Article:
California education news: What’s the latest?

California has made progress towards the goal of achieving universal preschool, according to a national report that ranks state-funded preschool programs. California now ranks 16th in the nation in preschool enrollment for 4-year-olds and 15th for 3-year-olds across the transitional kindergarten (TK) and California State Preschool Program (CSPP) programs. That’s up from ranking 18th for 4-year-old access and 16th for 3-year-old access last year.

California now serves 38% of the state’s 4-year-olds and 9% of 3-year-olds in state-funded preschool, for a total combined enrollment of 209,081, according to the 2023 State of Preschool Yearbook, an annual report card on state-subsidized early education published by the National Institute for Early Education Research (NIEER) at Rutgers University

“Universal preschool is a huge undertaking in the nation’s most populous state, and California’s efforts and commitment are fundamentally changing education in the Golden State,” said Steven W. Barnett, NIEER’s senior co-director and founder in a release. “To fulfill the promise of a better education for all children, California must ensure funding remains adequate to provide high-quality preschool, pay teachers well, ensure small class sizes, and full-day programs as programs are expanded to serve families.”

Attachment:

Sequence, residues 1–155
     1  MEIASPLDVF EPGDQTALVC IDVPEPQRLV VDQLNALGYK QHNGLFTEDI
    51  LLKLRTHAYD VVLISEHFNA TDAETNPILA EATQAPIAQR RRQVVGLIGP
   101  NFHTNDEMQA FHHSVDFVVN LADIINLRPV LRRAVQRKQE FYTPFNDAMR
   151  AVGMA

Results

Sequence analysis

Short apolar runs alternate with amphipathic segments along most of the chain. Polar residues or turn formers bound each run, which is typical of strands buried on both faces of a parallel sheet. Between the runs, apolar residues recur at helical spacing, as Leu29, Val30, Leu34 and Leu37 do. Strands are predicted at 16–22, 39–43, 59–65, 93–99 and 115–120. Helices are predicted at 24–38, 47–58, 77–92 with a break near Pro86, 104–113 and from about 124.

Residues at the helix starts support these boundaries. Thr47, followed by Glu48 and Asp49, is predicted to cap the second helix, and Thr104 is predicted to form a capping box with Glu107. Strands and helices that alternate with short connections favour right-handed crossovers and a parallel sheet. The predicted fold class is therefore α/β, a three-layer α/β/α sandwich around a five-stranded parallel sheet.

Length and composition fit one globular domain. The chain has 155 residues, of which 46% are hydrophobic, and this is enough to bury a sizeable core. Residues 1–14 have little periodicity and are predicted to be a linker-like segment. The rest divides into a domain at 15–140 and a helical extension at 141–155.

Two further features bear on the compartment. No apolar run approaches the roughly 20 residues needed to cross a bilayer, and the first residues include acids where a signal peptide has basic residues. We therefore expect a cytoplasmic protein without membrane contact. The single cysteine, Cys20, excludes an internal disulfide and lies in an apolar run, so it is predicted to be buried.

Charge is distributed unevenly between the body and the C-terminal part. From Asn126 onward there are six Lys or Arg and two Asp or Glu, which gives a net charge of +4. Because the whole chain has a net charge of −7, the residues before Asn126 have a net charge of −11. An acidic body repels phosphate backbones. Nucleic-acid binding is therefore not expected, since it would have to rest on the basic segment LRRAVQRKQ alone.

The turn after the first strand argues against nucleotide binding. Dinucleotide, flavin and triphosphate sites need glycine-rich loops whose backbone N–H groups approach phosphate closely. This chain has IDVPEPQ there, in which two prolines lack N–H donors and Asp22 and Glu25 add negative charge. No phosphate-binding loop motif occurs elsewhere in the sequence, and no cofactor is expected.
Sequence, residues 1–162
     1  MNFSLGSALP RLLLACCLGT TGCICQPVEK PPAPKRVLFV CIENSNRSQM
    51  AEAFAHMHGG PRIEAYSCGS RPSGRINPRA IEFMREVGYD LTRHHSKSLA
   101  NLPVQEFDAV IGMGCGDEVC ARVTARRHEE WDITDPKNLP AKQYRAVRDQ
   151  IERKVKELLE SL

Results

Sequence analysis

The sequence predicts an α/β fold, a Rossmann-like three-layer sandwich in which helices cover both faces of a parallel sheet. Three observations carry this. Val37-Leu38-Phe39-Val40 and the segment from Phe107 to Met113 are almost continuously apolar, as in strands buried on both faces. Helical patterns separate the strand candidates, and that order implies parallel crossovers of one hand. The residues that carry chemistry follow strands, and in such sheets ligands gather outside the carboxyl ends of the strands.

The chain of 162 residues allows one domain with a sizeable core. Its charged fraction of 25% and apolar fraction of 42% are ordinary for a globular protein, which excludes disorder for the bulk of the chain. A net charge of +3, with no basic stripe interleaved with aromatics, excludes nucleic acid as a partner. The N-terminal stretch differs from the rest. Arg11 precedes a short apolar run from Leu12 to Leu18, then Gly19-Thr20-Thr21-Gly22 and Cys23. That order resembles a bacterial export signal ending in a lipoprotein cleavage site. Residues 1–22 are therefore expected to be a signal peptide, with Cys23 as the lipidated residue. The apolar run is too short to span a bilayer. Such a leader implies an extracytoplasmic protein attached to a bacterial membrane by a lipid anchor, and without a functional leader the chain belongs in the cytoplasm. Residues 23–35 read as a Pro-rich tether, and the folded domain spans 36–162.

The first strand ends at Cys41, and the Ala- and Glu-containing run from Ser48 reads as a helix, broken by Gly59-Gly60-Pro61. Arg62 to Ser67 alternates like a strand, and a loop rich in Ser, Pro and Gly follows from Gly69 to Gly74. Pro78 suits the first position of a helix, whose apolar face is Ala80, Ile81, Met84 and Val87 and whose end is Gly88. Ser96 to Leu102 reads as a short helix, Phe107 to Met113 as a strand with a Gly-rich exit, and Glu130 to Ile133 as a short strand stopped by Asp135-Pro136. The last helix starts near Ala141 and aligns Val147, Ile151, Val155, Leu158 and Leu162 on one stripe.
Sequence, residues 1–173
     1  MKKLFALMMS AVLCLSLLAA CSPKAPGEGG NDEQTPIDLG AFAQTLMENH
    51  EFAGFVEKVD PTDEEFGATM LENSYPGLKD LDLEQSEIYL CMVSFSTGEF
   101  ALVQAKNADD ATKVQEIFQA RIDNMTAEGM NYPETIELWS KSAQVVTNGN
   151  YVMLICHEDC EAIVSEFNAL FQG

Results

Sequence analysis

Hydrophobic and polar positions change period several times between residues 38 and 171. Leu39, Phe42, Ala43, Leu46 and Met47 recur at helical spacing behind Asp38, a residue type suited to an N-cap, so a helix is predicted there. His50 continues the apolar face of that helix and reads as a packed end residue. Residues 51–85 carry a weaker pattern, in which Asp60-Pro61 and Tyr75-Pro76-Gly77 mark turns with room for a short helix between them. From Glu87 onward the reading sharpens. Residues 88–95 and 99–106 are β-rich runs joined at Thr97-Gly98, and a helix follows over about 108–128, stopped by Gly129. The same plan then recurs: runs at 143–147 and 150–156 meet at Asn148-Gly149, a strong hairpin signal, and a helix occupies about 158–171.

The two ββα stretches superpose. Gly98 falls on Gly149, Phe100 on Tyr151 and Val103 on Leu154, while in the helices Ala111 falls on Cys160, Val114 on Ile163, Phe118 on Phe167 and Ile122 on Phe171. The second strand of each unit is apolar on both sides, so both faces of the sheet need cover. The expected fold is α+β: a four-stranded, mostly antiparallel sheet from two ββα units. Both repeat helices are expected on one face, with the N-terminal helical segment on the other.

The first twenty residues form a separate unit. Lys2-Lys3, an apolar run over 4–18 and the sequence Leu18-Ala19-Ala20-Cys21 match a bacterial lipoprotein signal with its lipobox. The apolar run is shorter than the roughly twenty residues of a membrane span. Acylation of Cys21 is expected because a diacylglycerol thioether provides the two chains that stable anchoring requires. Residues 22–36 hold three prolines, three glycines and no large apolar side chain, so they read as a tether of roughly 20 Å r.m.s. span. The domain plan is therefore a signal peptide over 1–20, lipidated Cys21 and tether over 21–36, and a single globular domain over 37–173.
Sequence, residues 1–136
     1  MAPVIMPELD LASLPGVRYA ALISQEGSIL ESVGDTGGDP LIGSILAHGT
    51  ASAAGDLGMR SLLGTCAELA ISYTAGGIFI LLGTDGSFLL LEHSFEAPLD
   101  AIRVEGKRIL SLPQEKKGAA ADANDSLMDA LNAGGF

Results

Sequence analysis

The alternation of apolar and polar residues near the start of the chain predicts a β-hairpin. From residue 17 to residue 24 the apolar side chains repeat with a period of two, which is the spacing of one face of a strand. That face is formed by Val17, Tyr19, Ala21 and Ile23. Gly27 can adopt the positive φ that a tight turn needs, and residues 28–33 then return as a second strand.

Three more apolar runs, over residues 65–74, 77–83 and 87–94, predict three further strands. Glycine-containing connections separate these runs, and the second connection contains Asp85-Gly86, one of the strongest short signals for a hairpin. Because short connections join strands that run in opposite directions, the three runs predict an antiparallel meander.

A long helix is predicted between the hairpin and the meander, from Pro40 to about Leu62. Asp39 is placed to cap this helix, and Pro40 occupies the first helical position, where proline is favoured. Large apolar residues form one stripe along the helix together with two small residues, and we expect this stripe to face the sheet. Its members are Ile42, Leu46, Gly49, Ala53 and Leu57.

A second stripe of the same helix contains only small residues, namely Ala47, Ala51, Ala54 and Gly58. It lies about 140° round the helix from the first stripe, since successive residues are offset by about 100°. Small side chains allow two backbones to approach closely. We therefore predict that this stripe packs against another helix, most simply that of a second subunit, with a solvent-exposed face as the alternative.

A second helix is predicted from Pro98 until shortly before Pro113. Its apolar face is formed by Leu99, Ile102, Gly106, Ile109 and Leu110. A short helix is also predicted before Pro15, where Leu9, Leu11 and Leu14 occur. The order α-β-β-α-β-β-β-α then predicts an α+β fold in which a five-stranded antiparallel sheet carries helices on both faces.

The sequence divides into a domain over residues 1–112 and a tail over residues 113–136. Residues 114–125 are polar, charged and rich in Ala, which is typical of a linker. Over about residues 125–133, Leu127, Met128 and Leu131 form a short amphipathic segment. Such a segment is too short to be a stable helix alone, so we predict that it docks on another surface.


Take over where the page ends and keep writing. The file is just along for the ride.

The state increased preschool funding by nearly $1 billion, and this increase notably represents 71% of the entire national growth in preschool spending, according to the report. State spending per child averaged $15,305 in 2022-2023, up $2,258 from 2021-2022.

However, it should be noted that quality remains an issue. Although the state’s preschool program meets six of the report’s 10 benchmarks for a high-quality offering, the transitional kindergarten program, a bridge between preschool and kindergarten which began during the 2012-2013 year and is now being expanded to all 4-year-olds, only meets three of them. That’s still an improvement from 2019, when the TK program only met two of the standards.

“It is worrisome that TK only meets 3 benchmarks given that the program reaches more than 100,000 children,” said Allison Friedman-Krauss, an assistant research professor at NIEER. “The state is also working hard to set policies for quality, so we hope it will meet more benchmarks going forward.” 

The need for smaller class sizes and specialized teacher training to meet the specific developmental needs of the youngest learners are among the key reasons for concern.

“Class size is a major concern because of the evidence about how much it matters,” added Barnett. “However, because these policies are subject to local control and vary by district, the biggest concern is not that the program overall is lacking but that some children will have large class sizes while others have smaller class sizes. Also, there is rigorous evidence that TK has positive effects, which offers some reassurance. Of course, it is likely that the program would be even more effective if it adopted the California State Preschool ratio requirements and developed a comprehensive system for continuous improvement.” 


Karen D’Souza

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